If you want more information, please PM me as I don't want to share it on an open forum.

HSMM Fri 27-May-11 22:22:29

Thanks Tortu. I know this is common at this age. Although I can see it's something and nothing, it is VERY important to her, so I need to respect her feelings. I will take note of what you have all said and print off the comments, some of which have been quite disgusting. Funnily enough, the girl she has the disagreement with has only entered a few minor comments, while their so called friends, who are feeling the need to intervene, are posting dreadful stuff.

I will come back to you if I need any more help. Hopefully she can get a break from it all over half term, with no access to what all these people are saying (and they might get bored if they know she's not there).

leiela Sat 28-May-11 11:33:33

The most important thing is not to just let it ride. Talk to your daughter judge how it's affecting her.

As much as it may well be "something over nothing" it can be devistating for her.

My parent's ignored bullying, at least they complained to the school a few times and then figured that was enough.

I was bullied endlessly for about 3 years and it all came to a head when i was found unconcious having tried to kill myself. (and getting blinking close to succeeding) it resulted in 18 months in hospital 1 to treat the physcial effects of what id done and secondly to treat the mental effects of the bullying. I came out of school with no GCSE's as a result and didn't get my first till i was 24.

I'm not saying it will ever get this far ... goodness the fact that you are posting means your already taking it more seriously than my parent's did.

My point is just that when i look back know i realise how stupid and silly it all was, how really i should have just ignored them, told them to go to hell or heck even punch them :P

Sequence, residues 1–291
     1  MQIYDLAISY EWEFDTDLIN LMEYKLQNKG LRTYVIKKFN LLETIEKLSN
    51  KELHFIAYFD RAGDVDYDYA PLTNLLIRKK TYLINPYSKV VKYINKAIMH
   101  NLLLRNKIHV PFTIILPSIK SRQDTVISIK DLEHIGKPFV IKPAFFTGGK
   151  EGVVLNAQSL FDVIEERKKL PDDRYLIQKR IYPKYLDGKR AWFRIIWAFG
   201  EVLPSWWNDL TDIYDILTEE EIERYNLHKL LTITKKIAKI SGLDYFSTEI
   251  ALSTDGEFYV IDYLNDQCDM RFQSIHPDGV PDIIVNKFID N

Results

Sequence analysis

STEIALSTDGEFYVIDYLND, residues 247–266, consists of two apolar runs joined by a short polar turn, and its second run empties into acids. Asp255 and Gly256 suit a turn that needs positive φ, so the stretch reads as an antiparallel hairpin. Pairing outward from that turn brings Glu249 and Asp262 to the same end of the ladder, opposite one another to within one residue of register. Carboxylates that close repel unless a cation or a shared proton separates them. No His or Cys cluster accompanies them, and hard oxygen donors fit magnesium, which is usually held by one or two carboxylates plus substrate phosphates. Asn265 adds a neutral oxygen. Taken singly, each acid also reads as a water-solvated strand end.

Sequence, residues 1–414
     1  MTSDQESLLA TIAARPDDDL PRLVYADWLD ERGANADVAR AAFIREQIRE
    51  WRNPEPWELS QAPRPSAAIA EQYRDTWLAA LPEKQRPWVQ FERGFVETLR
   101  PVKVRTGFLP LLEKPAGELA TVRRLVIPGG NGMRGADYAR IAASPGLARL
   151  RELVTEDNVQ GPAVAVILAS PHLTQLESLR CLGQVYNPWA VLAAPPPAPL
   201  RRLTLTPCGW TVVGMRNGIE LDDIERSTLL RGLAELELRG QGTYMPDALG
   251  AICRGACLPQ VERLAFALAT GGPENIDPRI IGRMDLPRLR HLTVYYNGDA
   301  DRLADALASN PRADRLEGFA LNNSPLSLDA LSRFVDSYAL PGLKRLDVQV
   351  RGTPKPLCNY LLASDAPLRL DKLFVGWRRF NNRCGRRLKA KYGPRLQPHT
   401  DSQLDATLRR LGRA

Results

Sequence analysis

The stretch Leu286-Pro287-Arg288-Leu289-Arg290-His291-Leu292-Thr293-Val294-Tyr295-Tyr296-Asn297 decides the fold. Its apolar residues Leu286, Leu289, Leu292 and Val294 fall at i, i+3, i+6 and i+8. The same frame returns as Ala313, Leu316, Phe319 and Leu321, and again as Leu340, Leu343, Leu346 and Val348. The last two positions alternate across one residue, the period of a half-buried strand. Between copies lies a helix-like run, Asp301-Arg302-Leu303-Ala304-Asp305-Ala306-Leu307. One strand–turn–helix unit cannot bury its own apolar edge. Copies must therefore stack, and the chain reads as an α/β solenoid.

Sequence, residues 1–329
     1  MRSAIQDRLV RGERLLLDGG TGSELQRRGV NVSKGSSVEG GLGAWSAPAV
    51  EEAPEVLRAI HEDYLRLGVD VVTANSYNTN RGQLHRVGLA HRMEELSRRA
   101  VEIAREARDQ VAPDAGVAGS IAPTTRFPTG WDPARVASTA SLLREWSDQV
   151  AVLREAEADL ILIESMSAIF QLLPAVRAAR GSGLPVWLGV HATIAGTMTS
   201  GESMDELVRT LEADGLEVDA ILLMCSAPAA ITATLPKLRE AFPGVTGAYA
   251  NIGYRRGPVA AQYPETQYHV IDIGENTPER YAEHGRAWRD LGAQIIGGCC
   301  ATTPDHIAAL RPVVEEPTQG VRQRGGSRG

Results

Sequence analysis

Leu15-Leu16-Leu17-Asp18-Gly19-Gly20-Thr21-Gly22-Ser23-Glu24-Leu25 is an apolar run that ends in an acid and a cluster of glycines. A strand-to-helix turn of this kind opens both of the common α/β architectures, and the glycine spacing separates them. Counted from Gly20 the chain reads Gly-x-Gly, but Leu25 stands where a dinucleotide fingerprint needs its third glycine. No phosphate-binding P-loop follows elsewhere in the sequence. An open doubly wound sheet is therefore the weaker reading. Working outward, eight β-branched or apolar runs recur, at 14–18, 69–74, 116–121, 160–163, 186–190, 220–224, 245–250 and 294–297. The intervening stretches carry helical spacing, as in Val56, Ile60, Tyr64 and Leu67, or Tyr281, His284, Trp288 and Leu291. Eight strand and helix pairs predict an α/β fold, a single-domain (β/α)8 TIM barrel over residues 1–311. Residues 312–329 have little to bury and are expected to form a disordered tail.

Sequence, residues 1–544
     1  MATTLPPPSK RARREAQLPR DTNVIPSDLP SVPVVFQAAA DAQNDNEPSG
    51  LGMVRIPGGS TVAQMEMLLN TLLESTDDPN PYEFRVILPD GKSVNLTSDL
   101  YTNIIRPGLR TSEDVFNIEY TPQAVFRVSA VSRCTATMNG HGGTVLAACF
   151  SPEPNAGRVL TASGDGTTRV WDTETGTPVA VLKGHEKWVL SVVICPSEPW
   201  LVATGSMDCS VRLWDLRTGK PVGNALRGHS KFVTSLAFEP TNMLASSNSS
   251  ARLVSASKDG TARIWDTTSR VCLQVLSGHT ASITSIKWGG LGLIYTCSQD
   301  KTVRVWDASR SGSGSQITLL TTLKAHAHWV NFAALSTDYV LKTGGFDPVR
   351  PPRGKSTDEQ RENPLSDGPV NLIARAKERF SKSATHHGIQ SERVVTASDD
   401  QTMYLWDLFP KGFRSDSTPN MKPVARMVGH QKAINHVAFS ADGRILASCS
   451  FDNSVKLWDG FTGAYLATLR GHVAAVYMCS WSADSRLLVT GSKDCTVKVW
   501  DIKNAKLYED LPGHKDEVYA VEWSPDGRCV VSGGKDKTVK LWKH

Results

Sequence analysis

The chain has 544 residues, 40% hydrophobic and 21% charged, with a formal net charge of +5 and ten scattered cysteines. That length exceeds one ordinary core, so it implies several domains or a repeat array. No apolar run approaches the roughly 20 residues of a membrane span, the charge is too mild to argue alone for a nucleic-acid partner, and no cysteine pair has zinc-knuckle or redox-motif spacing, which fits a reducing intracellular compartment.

Honestly now i see how petty it was but back then i thought my life was over that nothing else mattered it was the most devistating thing in the world. school is your world as someone already said and no-one deserves to feel that way and don't for one instant worry about the consiquences for the bullier's ... if they get excluded for it.. good.. its time they learned the consiquences because exclusion is nothing in comparision to being on the reciving end.

Sorry if im ranting ... 35 and i still say 3 years of bullying pretty much ruined 15 years of my life, i only just feel now like im piecing things back together.

HSMM Sat 28-May-11 22:11:11

Leiela - Thanks for that. I remember how traumatic my teenage years were, so I am not underestimating the effect this may be having on her.

Something that is very simple for us as adults can be awful for a pre-teen.

I am just trying to make sure that she knows I am there for her and will support her in any way she needs.

Minx179 Sat 28-May-11 22:34:17

HSMM - be careful with the something or nothing, to your daughter it is all something.

I recall reading a study by Valerie Besag who has investigated bullying between girls, there are significant differences between how boys and girls bully. With bullying between girls being more covert.

You may find this book helpful
www.mcgraw-hill.co.uk/html/0335219829.html

Agree with the others about getting copies of the messages, schools/police are supposed to take cyber bullying seriously.

HSMM Sun 29-May-11 18:09:32

Thanks Minx - This is definitely a BIG deal for her.